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COMS 200 Study Guide - Final Guide: Reductionism, Utopia, Virtual Reality

Communication Studies
Course Code
COMS 200
Christopher Gutierrez
Study Guide

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Love’s Labors – Kipnis
- We live in sexually interesting times, meaning a culture that manages to be
simultaneously hyper sexualized and to retain its Puritan underpinnings in
precisely equal proportions.
- Many of us manage to summon merciful self-explanations as required, or
have learned over the years to deploy the strategic exception, when it comes
to infidelity
- Contradictions at the epicenter of love in our time due to infidelity. Planning
a life and also planning escapes from it.
- Adultery traditionally requires a state-issued marriage license for at least
one of the parties involved. “Anywhere the commitment to monogamy
reigns, adultery provides its structural transgression.”
- Our focus will be on “social norms” of love rather than what we expect of it.
- These days any partner can play any gender role (masculine or feminine)
regardless of their sex or sexual orientation. Kipnis talks about gender norms
saying whoever wants more freedom is the guy, whoever has their
suspicions is the wife.
- Kipnis says that a good relationship would probably include “having and
wanting to have sex with your spouse or spouse-equivalent on something
more than a quarterly basis.” It would mean being monogamous and not
feeling that monogamy is the result of something you gave up, Faithfulness
reigns over surveillance and “impromptu search and seizure.”
- “A happy state of monogamy would be defined as a state you don’t have to
work at maintaining.”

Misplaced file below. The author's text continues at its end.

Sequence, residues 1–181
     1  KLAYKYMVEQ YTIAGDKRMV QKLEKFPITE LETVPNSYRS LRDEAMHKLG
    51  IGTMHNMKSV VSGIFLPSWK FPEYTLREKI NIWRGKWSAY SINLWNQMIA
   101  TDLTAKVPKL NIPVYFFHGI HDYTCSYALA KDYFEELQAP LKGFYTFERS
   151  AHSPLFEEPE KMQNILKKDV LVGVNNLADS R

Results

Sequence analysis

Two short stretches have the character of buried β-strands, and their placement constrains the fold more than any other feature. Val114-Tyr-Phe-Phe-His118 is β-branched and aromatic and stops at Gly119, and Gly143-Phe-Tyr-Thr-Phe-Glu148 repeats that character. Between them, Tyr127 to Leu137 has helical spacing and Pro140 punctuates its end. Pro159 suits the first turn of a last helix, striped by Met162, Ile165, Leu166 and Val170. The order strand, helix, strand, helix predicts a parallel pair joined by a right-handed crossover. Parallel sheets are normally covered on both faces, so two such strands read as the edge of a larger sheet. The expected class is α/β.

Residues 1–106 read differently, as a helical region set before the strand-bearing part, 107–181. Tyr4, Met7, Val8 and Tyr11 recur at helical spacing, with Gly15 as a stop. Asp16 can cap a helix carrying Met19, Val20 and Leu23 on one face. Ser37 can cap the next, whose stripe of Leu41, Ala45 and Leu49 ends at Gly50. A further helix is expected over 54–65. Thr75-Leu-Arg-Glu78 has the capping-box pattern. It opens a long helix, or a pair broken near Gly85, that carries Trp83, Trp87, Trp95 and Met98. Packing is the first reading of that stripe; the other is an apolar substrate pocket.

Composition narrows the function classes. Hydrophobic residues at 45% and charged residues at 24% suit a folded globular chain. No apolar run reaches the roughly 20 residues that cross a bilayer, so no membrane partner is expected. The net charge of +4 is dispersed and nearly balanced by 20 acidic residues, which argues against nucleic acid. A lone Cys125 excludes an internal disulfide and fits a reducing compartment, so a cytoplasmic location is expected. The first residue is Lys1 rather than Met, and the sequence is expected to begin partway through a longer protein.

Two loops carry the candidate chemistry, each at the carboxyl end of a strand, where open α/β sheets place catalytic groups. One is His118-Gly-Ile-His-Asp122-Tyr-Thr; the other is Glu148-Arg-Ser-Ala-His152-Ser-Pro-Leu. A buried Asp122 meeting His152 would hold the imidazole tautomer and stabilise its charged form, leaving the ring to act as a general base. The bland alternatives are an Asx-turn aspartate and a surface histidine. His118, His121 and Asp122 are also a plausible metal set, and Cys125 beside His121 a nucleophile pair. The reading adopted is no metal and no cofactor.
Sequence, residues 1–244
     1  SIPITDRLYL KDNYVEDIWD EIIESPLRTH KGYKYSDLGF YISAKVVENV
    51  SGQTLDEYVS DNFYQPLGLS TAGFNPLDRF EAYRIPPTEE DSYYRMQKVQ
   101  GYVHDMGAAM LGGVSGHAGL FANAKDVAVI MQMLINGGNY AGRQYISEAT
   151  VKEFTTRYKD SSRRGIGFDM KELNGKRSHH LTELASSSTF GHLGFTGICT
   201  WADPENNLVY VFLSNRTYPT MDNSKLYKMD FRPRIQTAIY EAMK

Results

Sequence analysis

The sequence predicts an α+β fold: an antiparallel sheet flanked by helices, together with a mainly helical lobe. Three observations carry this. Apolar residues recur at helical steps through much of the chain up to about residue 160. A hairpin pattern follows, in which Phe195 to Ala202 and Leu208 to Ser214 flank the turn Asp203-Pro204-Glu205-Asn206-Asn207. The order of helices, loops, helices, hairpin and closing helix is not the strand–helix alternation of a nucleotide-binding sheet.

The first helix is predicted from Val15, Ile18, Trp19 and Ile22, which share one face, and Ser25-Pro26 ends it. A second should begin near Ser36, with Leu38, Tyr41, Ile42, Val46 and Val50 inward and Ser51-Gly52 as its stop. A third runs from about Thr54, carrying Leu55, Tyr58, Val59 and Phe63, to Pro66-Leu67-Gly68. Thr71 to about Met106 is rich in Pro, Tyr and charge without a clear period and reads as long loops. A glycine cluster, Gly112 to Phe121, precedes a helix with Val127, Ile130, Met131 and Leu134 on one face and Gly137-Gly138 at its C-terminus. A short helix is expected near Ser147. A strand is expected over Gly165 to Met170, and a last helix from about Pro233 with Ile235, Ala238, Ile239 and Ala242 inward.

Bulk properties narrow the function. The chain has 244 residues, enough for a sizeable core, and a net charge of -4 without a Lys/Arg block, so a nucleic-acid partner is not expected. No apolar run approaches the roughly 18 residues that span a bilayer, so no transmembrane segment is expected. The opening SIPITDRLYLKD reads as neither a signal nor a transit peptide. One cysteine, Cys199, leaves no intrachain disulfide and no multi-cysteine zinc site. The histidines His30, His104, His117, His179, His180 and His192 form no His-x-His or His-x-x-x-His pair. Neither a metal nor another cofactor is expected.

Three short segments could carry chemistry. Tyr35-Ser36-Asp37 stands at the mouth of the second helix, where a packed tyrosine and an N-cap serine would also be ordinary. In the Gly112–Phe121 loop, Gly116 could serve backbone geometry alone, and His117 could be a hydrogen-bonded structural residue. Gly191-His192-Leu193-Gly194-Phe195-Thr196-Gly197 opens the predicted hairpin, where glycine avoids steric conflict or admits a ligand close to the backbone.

During our relationships, we try to find ways to run away from them and we
fantasize about an alternative and another love affair.
Detournement: the need to escape, to change or hijack something to reach an
alternative position.
- Labor-intensive intimacy.
- Working on the relationship
- What’s the difference between work and “after work”? There’s no more
dichotomy between the two, you’re never not on the clock.
- Good relationships take work but trying is always too hard when it comes to
- The work ethic goes from our jobs into our relationships since we have to
“work” on our relationships. Monogamy becomes work.
A happy state of monogamy would be one where you don’t have to work on
maintaining your relationship.
There has been a blurring between work and play.
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The sense of labour we associate to love and the communication we have to put in is
therapeutic so working on our relationship = love.
Are we ever not working?
However, with all this, not believing in love is a tragedy. People are meant to fall in
love and love remains our essential goal. If we don’t fall in love, we’re failing in what
we’re meant to do in life.
If we don’t find love, it’s so abnormal.
Love is positioned in a powerful labour/capitalism relationship
Capitalist realism vs. love realism
Fisher: capitalist realism is something we live, we cannot see outside of it.
Kipnis says that love extends beyond heterosexual realms towards homosexual
communities as well.
Why does love need to be maintained?
Kipnis talks about how we’re integrating work habits into our relationships, such as
with performance reviews.
Sociologists suggest people put in more work in the offices to avoid going home.